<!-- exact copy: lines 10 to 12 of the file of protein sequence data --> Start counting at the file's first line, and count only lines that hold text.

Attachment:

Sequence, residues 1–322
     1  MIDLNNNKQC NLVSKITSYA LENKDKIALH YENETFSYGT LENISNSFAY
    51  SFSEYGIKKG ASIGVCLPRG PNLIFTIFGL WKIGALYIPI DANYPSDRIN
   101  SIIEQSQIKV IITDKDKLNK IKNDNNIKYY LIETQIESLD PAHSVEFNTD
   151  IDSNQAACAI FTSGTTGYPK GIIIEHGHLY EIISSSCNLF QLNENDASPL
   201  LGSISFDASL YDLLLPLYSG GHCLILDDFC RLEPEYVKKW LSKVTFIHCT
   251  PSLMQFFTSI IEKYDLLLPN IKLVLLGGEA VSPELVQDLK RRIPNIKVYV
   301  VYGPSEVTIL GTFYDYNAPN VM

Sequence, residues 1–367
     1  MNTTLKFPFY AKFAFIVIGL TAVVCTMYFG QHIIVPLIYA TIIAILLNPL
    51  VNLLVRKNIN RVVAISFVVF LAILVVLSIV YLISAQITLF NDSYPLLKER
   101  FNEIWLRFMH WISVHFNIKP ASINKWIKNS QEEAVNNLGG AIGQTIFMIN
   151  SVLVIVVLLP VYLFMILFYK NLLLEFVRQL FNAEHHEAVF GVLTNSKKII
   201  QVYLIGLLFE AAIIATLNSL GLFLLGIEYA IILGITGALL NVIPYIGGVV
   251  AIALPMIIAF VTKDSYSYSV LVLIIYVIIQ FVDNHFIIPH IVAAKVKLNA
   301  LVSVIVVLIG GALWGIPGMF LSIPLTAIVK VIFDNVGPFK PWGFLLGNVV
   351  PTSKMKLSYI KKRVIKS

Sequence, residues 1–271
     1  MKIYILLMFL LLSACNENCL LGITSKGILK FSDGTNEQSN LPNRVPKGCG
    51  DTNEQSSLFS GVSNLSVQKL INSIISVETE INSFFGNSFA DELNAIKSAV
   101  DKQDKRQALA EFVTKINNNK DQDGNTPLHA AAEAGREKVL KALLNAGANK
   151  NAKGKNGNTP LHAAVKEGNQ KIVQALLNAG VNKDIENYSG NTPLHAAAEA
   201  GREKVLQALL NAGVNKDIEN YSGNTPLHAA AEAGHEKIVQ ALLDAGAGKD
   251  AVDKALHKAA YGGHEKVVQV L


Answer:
     1  MNTTLKFPFY AKFAFIVIGL TAVVCTMYFG QHIIVPLIYA TIIAILLNPL
    51  VNLLVRKNIN RVVAISFVVF LAILVVLSIV YLISAQITLF NDSYPLLKER
   101  FNEIWLRFMH WISVHFNIKP ASINKWIKNS QEEAVNNLGG AIGQTIFMIN